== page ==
HKEx gets tough with listing regime
Updated: 2016-06-02 06:41
By By Luo Weiteng in Hong Kong(HK Edition)
Bourse operator moves to protect small investors as backdoor listings gain prominence
Hong Kong's bourse operator is to intensify its crackdown on the speculative practice of creating shell companies in a move to protect the interests of small and medium investors, and improve the quality of listed companies.
Charles Li Xiaojia, chief executive of Hong Kong Exchanges and Clearing Ltd (HKEx), said on Wednesday stricter rules are in the pipeline to regulate reverse takeovers and backdoor listings - a fast track for firms that intend to go public by injecting assets into a shell company acquired.
He said HKEx will get tough with locally-listed enterprises that operate without any specific business and cash in on firms which plan to pay big money to secure a listing through them.
Li urged enterprises with real business to float through the traditional initial public offering procedures, rather than via shell companies.
The shell company business has long been seen as a thorny issue for the Securities and Futures Commission (SFC), and the exchange's Growth Enterprise Market (GEM) is believed to have been hard hit.
HKEx published revised rules in 2014 and 2015 to make it harder for companies to find an easy way to list through local shell companies with large asset or cash injections.
According to HKEx data, up to 12 companies had got themselves listed on the GEM in the first five months of this year, compared with 22 in the second half of 2015, and 34 for the whole of last year.
The strong demand for shell companies is reflected in the highly volatile local share prices, as speculators bet on listed firms to be sold as shell companies at a high premium, said GEO Securities Chief Executive Francis Lun Sheung-nim.
A cluster of locally listed companies have seen their stock prices ride the roller coaster, including Lap Kei Engineering (Holdings), which saw its share price plunge by a staggering 94.9 percent in a single-day trading session after having soared a whopping 1,900 percent on the first day of its listing.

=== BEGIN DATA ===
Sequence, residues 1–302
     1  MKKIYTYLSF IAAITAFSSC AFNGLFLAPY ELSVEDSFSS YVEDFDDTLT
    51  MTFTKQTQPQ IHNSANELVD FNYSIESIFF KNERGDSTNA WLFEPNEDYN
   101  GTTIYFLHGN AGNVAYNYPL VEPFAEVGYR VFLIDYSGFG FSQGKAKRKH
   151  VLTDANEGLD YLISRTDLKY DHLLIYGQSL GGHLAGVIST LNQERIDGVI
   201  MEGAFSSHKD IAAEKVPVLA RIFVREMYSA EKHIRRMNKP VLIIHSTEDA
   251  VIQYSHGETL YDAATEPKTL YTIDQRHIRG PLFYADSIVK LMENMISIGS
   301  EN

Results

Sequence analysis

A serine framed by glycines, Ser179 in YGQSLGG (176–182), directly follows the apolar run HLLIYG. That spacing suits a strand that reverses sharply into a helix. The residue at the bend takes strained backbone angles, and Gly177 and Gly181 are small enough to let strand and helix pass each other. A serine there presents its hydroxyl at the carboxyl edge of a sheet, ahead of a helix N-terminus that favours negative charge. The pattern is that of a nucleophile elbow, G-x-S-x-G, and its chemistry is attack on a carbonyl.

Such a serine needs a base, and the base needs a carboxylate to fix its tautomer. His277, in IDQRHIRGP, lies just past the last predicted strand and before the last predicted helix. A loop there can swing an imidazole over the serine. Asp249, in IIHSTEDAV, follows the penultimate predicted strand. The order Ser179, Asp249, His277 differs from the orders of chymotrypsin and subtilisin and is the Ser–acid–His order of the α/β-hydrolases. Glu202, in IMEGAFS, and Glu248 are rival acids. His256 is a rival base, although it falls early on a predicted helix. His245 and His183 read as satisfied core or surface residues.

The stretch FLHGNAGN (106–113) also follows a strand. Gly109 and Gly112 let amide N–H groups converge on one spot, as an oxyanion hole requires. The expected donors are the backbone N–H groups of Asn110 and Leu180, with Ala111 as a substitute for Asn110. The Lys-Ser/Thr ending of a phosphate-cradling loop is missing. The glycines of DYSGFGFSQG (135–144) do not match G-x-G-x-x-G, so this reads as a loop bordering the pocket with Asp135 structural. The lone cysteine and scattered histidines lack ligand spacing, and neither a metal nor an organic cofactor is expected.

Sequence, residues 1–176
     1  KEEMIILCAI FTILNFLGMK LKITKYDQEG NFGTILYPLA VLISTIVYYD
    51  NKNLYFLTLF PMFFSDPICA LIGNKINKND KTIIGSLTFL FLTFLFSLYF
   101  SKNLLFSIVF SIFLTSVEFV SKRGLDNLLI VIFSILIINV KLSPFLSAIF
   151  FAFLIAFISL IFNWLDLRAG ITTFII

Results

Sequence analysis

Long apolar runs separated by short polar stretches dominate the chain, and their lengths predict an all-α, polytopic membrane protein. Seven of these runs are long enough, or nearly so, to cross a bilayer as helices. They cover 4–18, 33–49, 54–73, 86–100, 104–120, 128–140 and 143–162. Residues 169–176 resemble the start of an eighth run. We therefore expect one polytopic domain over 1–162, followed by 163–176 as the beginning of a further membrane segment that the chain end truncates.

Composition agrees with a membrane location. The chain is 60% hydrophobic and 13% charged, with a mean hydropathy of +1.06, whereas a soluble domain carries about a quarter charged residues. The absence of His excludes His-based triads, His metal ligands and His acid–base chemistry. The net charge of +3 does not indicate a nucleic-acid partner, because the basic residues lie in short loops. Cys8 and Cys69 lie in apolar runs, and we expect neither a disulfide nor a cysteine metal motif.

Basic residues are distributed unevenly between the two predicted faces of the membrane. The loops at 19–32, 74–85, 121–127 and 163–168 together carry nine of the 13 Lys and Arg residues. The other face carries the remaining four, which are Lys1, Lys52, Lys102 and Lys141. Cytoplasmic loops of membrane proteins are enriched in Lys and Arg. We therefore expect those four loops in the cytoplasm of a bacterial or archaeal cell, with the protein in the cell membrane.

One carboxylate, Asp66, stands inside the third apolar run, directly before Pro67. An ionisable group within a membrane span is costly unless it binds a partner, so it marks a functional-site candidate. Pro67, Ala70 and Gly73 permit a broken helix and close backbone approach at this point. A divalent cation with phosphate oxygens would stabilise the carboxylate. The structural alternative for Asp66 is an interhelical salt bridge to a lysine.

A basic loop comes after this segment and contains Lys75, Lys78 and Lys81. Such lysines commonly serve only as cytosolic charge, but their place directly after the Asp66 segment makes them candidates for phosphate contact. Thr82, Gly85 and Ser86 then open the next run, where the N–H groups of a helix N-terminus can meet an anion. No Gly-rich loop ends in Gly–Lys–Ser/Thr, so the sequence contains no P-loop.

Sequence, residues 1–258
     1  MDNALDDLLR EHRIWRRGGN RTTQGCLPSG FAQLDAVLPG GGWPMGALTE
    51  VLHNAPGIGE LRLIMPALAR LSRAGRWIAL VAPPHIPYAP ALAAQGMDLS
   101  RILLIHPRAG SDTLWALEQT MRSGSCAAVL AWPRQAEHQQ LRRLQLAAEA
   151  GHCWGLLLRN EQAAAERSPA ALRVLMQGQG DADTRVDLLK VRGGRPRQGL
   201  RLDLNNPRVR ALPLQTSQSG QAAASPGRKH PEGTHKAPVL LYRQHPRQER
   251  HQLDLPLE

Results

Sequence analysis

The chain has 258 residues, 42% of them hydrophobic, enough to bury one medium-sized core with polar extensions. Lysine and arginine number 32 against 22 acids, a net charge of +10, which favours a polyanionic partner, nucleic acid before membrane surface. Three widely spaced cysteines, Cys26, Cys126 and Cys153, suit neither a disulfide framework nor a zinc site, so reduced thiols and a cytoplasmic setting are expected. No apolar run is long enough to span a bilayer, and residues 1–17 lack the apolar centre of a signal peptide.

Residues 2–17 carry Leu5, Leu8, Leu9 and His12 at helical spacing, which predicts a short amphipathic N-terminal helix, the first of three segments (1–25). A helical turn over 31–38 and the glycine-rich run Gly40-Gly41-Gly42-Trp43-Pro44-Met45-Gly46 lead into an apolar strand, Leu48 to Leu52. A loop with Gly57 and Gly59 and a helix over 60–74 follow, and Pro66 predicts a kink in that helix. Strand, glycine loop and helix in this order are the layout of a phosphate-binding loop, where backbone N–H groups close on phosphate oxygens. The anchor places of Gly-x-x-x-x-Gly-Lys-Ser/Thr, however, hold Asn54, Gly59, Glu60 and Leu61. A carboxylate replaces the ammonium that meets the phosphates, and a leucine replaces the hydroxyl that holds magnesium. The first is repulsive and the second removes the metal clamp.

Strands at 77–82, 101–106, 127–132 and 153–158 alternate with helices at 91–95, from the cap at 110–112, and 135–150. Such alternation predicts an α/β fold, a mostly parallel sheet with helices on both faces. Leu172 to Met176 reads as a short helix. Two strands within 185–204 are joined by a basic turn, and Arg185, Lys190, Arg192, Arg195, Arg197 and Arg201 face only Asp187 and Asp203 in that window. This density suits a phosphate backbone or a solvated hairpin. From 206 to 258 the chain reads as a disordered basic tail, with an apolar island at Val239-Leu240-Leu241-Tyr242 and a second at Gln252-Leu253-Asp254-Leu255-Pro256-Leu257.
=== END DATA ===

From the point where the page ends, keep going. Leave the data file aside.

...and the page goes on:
According to Lun, GEM listing fees basically stand at HK$20 million, and listed companies could expect to raise funds of up to HK$50 million on average. However, the prices of shell companies on the GEM can reach HK$300 million.
HKEx had introduced revised guidelines to deal with speculative shell business in the past two years. In March this year, it revealed five shell companies-related transactions that had failed to obtain the green light.
The stock exchange also issued new rules late last year to ban the listings of cash companies, whose assets consist wholly, or substantially, of cash. The new regulations followed a surge in listed companies proposing large-scale fundraising efforts, triggering suspicious cash injections into these companies.
Hannah Li Wai-han, a strategist at UOB Kay Hian (Hong Kong), said HKEx's attempt to curb shell companies are a part of a broad review of the city's listing rules.
"Cracking down on unregulated speculative activities and upgrading the quality of listed companies are aimed at attracting more companies to float in Hong Kong and offering easier access to companies seeking to raise funds. This is where the SFC and HKEx should try to strike a balance," she said.
A view of Exchange Square in Central. The Hong Kong stock exchange is edging into a more stringent listing regime by intensifying its crackdown on the speculative practice of creating shell companies. Parker Zheng / China Daily
(HK Edition 06/02/2016 page9)